If you want aliases for your column headings you will need to add a bit of code to the select.

For Example, maybe you want to Database Name as a heading and the Size in Gb (Its in Mb in the example above) You would need to create a hash table with a Label element and an Expression element. The Label is the column heading and the Expression can just be the data or a calculation on data.

So select Name becomes

The Column Heading is Database Name and the data is the Name property

and select Size becomes

The Column Heading is Size GB and the data is the Size property divided by 1024 to 3 decimal places

then your code would look like this

and the results


and here is the full code


Creating SQL Server Database with PowerShell


This morning I have been setting up my Azure Servers in preparation for my presentation to the Cardiff SQL User Group this month.

I used my scripts from My Post on Spinning Up Azure SQL Boxes to create two servers and then I wanted to create some databases

I decided it was time to write a Create-Database function using a number of scripts that I have used to create individual databases.


Whilst finalising the function I didn’t quite get it right sometimes and was faced with an error.


Not the most useful of errors to troubleshoot. The issue could be anywhere in the script

You can view the last errors PowerShell has shown using $Errors. This gives you the last 500 errors but you can see the last error by using $Error[0] if you pipe it to Format-List you can get a more detailed error message so I added a try catch to the function which gave me an error message I could resolve.


Much better. The problem was

Cannot create file ‘C:\Program Files\Microsoft SQL Server\MSSQL11.MSSQLSERVER\MSSQL\DATA\.LDF’ because it already exists.

Mistyping a variable has caused this. Creating an empty file name variable which then threw the error the second(and third,fourth fifth) times I ran the script but this error pointed me to it.

Creating Database

There are a vast number of variables you can set when creating a database. I decided to set File Sizes, File Growth Sizes, Max File Sizes and Recovery Model. I only set Server and Database Name as mandatory parameters and gave the other parameters default values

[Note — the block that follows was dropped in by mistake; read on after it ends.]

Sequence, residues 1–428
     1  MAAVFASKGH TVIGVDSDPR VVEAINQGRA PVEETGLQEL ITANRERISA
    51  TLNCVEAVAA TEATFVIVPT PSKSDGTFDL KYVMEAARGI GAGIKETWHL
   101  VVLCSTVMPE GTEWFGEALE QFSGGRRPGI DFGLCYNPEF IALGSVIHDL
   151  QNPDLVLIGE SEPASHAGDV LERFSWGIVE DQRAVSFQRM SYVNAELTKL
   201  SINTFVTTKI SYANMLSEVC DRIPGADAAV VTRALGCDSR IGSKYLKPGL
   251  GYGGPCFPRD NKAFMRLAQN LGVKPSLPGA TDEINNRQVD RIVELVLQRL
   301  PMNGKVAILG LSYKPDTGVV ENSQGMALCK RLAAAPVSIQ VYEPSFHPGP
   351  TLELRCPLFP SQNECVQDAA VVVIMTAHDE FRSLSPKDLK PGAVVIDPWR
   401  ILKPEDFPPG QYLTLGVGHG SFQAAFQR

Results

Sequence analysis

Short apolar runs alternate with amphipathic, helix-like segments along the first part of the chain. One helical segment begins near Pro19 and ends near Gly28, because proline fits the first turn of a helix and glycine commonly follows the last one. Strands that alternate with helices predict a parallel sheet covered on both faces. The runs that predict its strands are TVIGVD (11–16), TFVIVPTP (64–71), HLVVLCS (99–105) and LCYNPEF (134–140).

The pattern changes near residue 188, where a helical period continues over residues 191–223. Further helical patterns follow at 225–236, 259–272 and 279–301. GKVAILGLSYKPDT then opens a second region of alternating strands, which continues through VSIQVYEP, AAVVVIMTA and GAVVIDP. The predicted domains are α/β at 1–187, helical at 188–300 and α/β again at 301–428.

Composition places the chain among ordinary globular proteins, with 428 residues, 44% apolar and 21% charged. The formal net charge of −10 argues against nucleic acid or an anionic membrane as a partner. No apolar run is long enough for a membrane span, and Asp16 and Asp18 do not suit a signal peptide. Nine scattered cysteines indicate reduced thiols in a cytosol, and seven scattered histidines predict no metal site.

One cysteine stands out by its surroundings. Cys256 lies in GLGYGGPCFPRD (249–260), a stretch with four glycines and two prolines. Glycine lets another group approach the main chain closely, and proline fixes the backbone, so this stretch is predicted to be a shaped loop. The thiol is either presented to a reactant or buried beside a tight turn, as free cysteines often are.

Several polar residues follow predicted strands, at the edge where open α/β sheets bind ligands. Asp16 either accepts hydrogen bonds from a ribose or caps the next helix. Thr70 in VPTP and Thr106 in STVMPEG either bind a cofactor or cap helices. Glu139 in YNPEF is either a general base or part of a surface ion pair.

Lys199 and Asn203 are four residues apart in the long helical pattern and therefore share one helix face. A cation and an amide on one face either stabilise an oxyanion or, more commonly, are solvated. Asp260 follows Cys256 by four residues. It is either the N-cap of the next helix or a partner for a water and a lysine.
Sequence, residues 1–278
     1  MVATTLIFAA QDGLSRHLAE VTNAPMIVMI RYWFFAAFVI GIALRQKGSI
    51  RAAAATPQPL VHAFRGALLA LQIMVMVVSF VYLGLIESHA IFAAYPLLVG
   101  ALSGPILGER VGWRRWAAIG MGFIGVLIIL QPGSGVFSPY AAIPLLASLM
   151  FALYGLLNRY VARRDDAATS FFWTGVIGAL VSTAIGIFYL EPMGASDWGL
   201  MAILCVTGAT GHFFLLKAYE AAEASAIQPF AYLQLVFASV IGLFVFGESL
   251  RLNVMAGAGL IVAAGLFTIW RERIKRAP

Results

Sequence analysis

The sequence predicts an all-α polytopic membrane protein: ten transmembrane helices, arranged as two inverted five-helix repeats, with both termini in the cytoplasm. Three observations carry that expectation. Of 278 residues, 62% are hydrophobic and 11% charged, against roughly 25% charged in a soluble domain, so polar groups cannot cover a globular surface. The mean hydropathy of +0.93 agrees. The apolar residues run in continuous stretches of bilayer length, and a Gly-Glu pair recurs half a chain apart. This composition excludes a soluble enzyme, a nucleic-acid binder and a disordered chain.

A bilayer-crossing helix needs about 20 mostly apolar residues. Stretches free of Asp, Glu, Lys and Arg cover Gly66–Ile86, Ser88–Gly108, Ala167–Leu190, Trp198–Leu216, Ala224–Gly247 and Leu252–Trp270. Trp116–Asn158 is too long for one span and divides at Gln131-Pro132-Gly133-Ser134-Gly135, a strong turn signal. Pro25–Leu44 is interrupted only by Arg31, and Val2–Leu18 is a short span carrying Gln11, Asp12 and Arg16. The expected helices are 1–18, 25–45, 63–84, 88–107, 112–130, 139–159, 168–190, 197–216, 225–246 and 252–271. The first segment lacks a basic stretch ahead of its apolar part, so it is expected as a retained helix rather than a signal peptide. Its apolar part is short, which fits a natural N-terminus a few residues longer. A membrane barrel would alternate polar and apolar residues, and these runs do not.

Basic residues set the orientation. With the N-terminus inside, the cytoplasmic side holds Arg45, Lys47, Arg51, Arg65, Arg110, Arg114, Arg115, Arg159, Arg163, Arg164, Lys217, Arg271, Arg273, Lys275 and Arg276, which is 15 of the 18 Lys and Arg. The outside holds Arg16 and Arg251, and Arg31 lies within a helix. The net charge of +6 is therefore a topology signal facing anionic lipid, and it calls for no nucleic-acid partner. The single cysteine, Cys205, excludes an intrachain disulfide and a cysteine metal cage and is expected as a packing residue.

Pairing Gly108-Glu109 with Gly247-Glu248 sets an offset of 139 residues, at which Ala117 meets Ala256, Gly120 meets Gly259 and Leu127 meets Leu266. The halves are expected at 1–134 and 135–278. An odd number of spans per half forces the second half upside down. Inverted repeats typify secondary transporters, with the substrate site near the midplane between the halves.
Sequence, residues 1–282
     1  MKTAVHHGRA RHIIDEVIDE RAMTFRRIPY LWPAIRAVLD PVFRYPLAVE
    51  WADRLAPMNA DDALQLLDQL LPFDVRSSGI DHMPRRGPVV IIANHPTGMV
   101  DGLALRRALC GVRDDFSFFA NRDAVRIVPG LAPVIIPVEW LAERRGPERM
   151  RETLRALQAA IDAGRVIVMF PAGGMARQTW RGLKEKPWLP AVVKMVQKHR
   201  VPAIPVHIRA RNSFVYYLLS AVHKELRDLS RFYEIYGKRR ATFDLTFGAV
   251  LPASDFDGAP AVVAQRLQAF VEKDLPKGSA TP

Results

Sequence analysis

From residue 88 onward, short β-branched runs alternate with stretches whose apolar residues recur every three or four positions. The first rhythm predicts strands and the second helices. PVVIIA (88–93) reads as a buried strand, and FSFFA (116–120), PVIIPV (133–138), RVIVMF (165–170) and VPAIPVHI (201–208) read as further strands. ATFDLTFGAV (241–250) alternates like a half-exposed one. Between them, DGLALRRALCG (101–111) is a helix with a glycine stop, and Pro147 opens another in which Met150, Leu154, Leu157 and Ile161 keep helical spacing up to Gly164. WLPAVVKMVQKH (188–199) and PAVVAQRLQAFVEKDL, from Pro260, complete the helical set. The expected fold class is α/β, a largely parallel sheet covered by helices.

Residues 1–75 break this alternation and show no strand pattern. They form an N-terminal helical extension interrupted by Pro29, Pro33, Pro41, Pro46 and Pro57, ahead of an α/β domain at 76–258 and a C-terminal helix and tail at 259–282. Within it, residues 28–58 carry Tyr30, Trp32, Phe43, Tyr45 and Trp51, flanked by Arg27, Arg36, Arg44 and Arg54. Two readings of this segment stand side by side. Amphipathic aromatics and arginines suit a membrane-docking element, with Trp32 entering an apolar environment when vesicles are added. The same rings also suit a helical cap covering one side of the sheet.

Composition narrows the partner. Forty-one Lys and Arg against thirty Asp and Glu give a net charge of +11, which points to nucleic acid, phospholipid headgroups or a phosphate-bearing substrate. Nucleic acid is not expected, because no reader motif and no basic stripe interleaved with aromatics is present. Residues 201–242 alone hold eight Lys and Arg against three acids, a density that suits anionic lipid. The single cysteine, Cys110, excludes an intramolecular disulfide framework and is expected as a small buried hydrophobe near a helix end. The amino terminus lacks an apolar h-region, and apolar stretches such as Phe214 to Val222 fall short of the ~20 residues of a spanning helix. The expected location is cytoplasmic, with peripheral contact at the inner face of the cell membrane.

We take the parameters for file sizes in MB and set them to KB


Then set the default file locations. Create a database object, a Primary file group object and add the file group object to the database object


Add a User File Group for User objects


Create a database file on the primary file group using the variables set earlier


Do the same for the user file and then create a Log File


Set the Recovery Model and create the database and then set the user file group as the default


Finally catch the errors


It can then be called as follows Create-Database SERVERNAME DATABASENAME


or by setting all the parameters Create-Database -Server Fade2black -DBName DatabaseTest -SysFileSize 10 -UserFileSize 15 -LogFileSize 20 -UserFileGrowth 7 -UserFileMaxSize 150 -LogFileGrowth 8 -LogFileMaxSize 250 -DBRecModel FULL


This means that I can easily and quickly set up several databases of different types and sizes

The script can be found here


Using PowerShell to find a database amongst hundreds

As you know, I love PowerShell!

I have developed a series of functions over time which save me time and effort whilst still enabling me to provide a good service to my customers. I also have a very simple GUI which I have set up for my colleagues to enable them to easily answer simple questions quickly and easily which I will blog about later. I call it my PowerShell Box of Tricks

I am going to write a short post about each one over the next few weeks as I write my presentation on the same subject which I will be presenting to SQL User Groups.

Todays question which I often get asked is Which server is that database on?

It isn’t always asked like that. Sometimes it is a developer asking where the database for their UAT/SAT/FAT/Dev environment is. Sometimes it is a manager who requires the information for some documentation or report. I wrote it because whilst I am good, I am not good enough to remember the server location for many hundreds of databases and also because I wanted to enable a new starter to be as self sufficient as possible

When I first wrote this I thought it would be a case of simply using $databaseName.Contains($DatabaseNameSearch) but this did not work for MiXed case searches or DatAbaSe names so I had to convert both the search and the database name to lower case first


I create an empty hash table and then populate it with the results


Set a results variable to the names from the hash table and count the number of records


and call it like this